54. 54. Pseudonymisation • GDPR Recital 26 − The principles of data protection should apply to any information concerning an identified or identifiable natural person. Personal data which have undergone pseudonymisation, which could be attributed to a natural person by the use of additional information should be considered to be information on an identifiable natural person. To determine whether a natural person is identifiable, account should be taken of all the means reasonably likely to be used, such as singling out, either by the controller or by another person to identify the natural person directly or indirectly. To ascertain whether means are reasonably likely to be used to identify the natural person, account should be taken of all objective factors, such as the costs of and the amount of time required for identification, taking into consideration the available technology at the time of the processing and technological developments. The principles of data protection should therefore not apply to anonymous information, namely information which does not relate to an identified or identifiable natural person or to personal data rendered anonymous in such a manner that the data subject is not or no longer identifiable. This Regulation does not therefore concern the processing of such anonymous information, including for statistical or research purposes. • Pseudonymisation is not anonymisation − Anonymisation means data cannot be attributed to a person − Pseudonymisation means data can be attributed to a person using additional information − Pseudonymisation just makes identifying persons from data more difficult, time-consuming and expensive March 28, 2018 54
  55. 55. Pseudonymisation • Article 89 (1): as a means of enhancing protection in case of further use of data for research and statistics • Article 6 (4): as a means of possibly contributing to the compatibility of further use of data • Article 25: as a means to contribute to “privacy by design” in data applications • Recital 28: “The application of pseudonymisation to personal data can reduce the risks to the data subjects concerned and help controllers and processors to meet their data-protection obligations. The explicit introduction of ‘pseudonymisation’ in this Regulation is not intended to preclude any other measures of data protection.” March 28, 2018 55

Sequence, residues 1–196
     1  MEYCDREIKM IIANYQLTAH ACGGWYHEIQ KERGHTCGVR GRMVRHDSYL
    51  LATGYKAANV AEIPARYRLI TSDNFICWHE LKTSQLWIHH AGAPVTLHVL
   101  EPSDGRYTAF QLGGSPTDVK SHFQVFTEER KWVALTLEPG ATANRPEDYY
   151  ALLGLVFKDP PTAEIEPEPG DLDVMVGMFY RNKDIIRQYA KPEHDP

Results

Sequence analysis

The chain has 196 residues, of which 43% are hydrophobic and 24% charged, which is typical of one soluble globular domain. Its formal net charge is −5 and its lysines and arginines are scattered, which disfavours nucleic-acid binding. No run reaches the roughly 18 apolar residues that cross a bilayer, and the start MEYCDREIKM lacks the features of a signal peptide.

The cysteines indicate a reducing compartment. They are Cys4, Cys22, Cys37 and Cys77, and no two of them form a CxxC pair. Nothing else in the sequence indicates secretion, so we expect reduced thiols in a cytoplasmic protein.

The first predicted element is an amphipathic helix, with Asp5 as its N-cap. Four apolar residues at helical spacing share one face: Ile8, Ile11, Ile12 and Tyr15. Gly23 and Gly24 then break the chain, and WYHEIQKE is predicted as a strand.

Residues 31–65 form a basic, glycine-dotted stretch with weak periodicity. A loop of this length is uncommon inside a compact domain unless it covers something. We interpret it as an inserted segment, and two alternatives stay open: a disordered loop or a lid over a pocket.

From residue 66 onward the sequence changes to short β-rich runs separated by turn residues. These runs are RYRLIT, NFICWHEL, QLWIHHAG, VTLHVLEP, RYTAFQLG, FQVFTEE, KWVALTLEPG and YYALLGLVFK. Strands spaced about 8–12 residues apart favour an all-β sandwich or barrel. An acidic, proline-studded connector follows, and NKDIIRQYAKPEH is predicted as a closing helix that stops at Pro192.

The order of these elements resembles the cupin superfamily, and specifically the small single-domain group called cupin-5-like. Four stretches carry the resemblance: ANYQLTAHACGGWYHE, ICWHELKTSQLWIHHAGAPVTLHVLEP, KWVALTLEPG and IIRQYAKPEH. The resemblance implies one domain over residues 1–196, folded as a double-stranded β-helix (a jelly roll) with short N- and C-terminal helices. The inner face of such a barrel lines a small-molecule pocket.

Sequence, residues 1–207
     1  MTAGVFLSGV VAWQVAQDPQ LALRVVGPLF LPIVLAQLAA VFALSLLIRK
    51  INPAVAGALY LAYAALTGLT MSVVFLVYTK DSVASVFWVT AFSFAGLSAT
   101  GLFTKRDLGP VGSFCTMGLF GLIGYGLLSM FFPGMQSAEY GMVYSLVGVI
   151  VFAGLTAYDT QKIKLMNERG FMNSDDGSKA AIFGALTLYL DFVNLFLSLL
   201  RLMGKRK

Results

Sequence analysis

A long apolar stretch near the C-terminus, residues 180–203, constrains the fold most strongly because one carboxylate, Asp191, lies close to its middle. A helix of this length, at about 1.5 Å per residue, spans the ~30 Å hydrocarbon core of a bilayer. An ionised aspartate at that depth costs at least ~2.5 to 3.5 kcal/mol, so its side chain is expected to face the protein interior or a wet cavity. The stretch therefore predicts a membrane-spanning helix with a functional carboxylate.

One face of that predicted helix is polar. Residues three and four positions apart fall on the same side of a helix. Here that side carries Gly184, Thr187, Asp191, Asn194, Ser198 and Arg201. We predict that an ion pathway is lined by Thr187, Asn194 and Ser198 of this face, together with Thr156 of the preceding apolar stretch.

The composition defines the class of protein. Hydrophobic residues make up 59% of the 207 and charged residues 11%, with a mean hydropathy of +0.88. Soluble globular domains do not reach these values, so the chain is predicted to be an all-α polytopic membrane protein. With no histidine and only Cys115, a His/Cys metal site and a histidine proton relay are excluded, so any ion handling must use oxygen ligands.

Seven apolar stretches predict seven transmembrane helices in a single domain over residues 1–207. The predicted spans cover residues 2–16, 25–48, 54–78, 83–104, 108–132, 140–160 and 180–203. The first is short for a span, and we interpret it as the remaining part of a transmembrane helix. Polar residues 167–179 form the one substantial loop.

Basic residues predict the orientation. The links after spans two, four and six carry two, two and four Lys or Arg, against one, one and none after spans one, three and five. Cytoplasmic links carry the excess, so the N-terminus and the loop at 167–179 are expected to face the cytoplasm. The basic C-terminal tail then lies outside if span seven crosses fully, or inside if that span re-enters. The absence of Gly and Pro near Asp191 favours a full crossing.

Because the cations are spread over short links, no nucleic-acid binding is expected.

56. 56. Pseudonymisation • Pseudonymisation means removing the link between data and its attribution to a specific individual • Add a layer of complexity, time and expense to person identification • There are many (complex) approaches to pseudonymisation • Pseudonymisation aims to provide an extra layer of security − It does not stop personal data being lost − It just reduces the likelihood that lost personal data can be used March 28, 2018 56 IT System Person Personal Data Field 1 Personal Data Field 2 Person 1 Data 1 P 1 Data 2 P 1 Person 2 Data 1 P 2 Data 2 P 2 Person 3 Data 1 P 3 Personal Data Lose Or Allow Access To This And Personal Data Can Be Read By Anyone IT System Person Personal Data Field 1 Personal Data Field 2 6AC1B12B A51B6F4B E78A52F3 A27E3B3A 6E4DA618 CB9FC8AE 4F5C7F63 925A58D2 Personal Data Direct Data Access 1 Lose Or Allow Access To This And Personal Data Cannot Be Read With Ability to Decrypt 2 1. System Retrieves Encryption Key 2. Encrypted Data Read and Written And Decrypted Using Key
  57. 57. Handling of Data Breaches • is impossible to have 100% security 100% of the time and still collect and process information − So organisations should assume a data breach however minor will happen at some time − Security systems should be designed to facilitate the discovery of any breach as soon as possible; • It is important to reduce the scope and effect of the breach, the time to identify that the breach has occurred and to respond more quickly and effectively to limit the damage. − Organisations are responsible for the implementation and operation of sufficient countermeasures to prevent as much as possible, detect and handle breaches − A data breach in itself will not necessary attract administrative sanctions − The failure to have structures in place to prevent, detect and handle breaches will • A “personal data breach” is defined in Article 4(12) of the GDPR as: − “means a breach of security leading to the accidental or unlawful destruction, loss, alteration, unauthorised disclosure of, or access to, personal data transmitted, stored or otherwise processed” • A controller is required to document all cases of personal data breach comprising the facts relating to the personal data breach, its effects and the remedial action taken; Article 35(5) • Unless the personal data breach is unlikely to result in a risk to the rights and freedoms of natural persons, the controller is under a legal obligation to notify the supervisory authority of a personal data breach within 72 hours (and if not an explanation of the delay) after having become aware of the data breach; Article 35(1) March 28, 2018 57